However, rhythmic gymnastics meets run differently…and a lot slower. Each competitor, sometimes as many as 30, performs one-at-a-time in four different events. In addition to the actual competition, there is at least an hour and a half warm-up period, plus time for the judges to calculate the scores and present awards for several levels and ages of competitors. The end result is that a rhythmic gymnastics meet is a marathon of gluteal stamina for devoted parents like me.

A day at a rhythmic gymnastics meet always leaves me feeling like I’ve been in a time warp; when it’s over and I call Steve on the drive home, I feel the need to ask, “Who’s president now?”

Part of the disorienting nature of the meets is because they are typically held in high school gymnasiums. I find my mind wandering as I take in the banners that decorate the gym, such as “Cougars: 1988 NorCal Badminton Champions.” But it’s the seating arrangement that has the greatest impact on me. I find that after about an hour, my bottom goes numb, then I lose feeling in my legs, and by the end of the meet, I truly have buns of steel because my butt has fused to the metal bleachers.

I’m sure someone is missing out on a great money making enterprise at these events.
Instead of selling t-shirts, what would really bring in the cash is a posterior version of the Footsie Wootsie”¦maybe a Buttsie Wuttsie. 

However, as a defensive measure I have taken up knitting. Not only does it pass the time and keep my mind off all the chores that I should be doing at home, I have come to discover that even a half-completed sweater makes a great seat cushion.

Spelling Queen Bee

Tuesday, March 13th, 2007

It was a long road to the city-wide Spelling Bee for my fifth grade daughter, Jennifer. And like any competitive event, in the wide world of spelling, there are a lot of factors that determine whether the competitors experience the thrill of victory or the agony of defeat: training, performance under pressure, toughness of the competitors…and a lot of luck.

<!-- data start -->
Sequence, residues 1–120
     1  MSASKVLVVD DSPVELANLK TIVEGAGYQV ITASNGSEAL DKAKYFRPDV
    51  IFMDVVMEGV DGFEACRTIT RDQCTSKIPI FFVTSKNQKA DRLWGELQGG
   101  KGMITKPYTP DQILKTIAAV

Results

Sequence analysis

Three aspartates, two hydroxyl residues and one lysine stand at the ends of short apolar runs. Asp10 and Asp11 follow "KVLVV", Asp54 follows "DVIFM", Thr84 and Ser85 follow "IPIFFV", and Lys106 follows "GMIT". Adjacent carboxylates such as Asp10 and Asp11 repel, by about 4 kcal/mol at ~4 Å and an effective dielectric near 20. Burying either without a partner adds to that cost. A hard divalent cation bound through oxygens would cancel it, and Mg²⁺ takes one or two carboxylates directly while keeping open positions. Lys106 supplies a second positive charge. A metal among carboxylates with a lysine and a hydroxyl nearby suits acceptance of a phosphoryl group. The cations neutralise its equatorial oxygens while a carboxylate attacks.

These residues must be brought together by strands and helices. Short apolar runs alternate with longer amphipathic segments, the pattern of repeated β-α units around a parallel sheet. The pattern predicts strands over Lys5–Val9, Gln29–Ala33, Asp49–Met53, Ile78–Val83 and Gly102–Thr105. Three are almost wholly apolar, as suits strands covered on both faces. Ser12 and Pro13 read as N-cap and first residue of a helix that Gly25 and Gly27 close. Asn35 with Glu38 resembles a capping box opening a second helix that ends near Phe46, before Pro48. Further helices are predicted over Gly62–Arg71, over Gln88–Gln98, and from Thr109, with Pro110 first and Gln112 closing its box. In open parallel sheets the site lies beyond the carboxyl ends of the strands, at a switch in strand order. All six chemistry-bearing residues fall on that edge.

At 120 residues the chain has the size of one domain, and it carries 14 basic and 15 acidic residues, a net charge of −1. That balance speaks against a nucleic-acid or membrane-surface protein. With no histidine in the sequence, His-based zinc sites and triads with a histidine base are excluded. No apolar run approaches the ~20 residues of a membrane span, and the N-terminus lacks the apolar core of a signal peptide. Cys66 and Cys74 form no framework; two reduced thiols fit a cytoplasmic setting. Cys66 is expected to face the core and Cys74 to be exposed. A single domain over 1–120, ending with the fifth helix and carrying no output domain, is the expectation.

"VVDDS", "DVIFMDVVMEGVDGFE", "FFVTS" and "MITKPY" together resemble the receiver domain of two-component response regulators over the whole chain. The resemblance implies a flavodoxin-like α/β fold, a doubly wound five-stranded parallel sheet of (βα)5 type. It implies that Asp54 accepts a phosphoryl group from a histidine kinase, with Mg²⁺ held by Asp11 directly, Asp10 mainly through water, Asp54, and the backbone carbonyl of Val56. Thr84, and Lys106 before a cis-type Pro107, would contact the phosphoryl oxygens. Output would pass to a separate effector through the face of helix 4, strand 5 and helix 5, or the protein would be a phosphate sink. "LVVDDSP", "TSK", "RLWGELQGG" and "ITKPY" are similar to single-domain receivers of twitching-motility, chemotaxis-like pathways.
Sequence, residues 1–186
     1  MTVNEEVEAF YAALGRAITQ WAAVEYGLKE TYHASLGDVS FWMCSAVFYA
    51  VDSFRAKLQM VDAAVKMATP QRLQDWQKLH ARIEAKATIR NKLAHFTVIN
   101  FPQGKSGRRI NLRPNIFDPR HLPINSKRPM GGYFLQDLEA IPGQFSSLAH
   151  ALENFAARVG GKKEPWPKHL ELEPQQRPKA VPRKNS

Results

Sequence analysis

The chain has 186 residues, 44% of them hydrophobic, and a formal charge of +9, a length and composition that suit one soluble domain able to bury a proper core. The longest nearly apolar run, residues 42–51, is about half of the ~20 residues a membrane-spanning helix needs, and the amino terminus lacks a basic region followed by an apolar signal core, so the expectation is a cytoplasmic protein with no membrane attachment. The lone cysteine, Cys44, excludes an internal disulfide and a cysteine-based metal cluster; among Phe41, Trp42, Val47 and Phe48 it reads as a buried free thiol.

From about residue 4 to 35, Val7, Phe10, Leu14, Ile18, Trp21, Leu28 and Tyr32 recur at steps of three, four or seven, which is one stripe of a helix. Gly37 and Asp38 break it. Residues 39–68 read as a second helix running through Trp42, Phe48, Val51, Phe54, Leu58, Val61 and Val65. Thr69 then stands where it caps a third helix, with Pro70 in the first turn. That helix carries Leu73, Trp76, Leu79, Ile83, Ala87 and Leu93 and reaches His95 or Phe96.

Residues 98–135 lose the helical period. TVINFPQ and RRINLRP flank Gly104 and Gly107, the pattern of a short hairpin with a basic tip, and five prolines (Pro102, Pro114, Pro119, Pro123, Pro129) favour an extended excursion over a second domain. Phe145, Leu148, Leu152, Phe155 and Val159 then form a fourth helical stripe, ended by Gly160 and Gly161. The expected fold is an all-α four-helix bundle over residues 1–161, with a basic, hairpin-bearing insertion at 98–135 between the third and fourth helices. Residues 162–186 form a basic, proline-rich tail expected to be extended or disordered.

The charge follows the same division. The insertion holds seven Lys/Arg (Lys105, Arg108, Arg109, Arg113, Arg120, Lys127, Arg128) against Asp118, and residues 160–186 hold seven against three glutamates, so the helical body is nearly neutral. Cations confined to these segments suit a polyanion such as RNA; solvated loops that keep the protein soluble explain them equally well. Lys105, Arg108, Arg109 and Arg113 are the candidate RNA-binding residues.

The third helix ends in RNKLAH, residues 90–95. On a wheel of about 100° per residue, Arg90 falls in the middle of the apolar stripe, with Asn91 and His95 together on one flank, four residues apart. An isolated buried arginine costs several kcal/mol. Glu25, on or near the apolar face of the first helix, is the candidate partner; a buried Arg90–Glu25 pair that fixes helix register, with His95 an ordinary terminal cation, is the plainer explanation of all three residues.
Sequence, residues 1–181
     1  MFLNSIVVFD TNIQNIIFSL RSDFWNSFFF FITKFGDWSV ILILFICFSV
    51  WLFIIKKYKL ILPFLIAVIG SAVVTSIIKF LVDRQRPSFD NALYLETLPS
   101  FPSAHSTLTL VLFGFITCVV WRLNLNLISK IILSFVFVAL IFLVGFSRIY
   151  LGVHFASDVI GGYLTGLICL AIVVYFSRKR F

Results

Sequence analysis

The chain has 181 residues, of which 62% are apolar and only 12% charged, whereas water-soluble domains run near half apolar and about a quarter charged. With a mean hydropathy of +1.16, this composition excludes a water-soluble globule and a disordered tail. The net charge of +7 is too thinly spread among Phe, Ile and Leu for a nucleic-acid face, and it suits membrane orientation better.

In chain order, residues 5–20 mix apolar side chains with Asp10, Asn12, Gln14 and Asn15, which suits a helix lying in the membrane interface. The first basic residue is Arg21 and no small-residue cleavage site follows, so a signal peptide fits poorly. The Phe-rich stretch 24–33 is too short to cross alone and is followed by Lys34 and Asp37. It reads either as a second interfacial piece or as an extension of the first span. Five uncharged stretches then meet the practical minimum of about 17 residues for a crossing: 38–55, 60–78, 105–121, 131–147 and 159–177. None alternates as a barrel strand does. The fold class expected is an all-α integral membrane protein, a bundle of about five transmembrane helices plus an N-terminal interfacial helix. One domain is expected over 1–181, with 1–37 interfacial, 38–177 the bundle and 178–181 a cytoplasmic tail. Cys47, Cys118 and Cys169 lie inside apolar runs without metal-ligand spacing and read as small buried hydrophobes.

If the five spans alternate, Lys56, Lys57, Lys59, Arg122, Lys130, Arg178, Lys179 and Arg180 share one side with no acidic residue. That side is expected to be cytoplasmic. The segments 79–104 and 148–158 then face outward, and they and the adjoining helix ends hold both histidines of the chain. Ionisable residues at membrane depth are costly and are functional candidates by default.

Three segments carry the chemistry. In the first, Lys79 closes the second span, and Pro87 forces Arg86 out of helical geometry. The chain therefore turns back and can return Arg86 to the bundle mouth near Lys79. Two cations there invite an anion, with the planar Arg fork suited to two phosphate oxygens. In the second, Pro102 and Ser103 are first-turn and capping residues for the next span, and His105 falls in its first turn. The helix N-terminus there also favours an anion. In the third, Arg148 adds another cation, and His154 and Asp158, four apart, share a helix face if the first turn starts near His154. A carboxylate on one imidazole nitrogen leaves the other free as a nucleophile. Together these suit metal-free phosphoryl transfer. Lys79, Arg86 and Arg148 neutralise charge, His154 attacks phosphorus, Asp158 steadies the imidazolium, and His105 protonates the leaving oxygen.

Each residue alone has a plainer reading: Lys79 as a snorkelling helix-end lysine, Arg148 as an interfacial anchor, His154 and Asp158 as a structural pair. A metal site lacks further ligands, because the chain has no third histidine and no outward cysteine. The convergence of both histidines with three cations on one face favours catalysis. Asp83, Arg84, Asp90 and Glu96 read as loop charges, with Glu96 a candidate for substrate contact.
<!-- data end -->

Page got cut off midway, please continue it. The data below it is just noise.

The entire process began just after the New Year, when Jennifer brought home the same list of six hundred words that was given to every fourth through sixth grade student in the County. In order to move on to the city spelling bee, she would have to first win the spelling bee at her school. She had about six weeks to study the list.

Helping her get ready for the spelling bee was going to take some balance on my part. I wanted her to feel confident. “There’s nothing like knowing you’re well prepared to make you feel less nervous,” I told her in my “mother knows best” tone. But I also had to resist my tendency to get overly zealous about the task at hand. “Ve vill drill until you know these vords forvards und backvards, ja!”

As I started quizzing her, I was surprised by some of the words that were on the list. When does an elementary age student need to know how to spell words like “sacerdotal,” “sauterne,” and “struthious?” And if Jennifer is writing a report about chickens and their “rasorial” method for finding food, she’ll use spell check like everybody else. This made me start to wonder, if spelling bees celebrate a skill that technology has made obsolete, why don’t they have Long Division Bees?

Then I realized that the point of a spelling bee isn’t to learn how to spell archaic words ““ as evidenced by the fact that “struthious” and “rasorial” are not in the spell check dictionary. It’s really a character building exercise. The important part for Jennifer wouldn’t be memorizing how to spell discipline; it’s learning the principle of discipline. She would need to practice a little every day, handle the stress of the competition, and then gracefully accept winning or losing.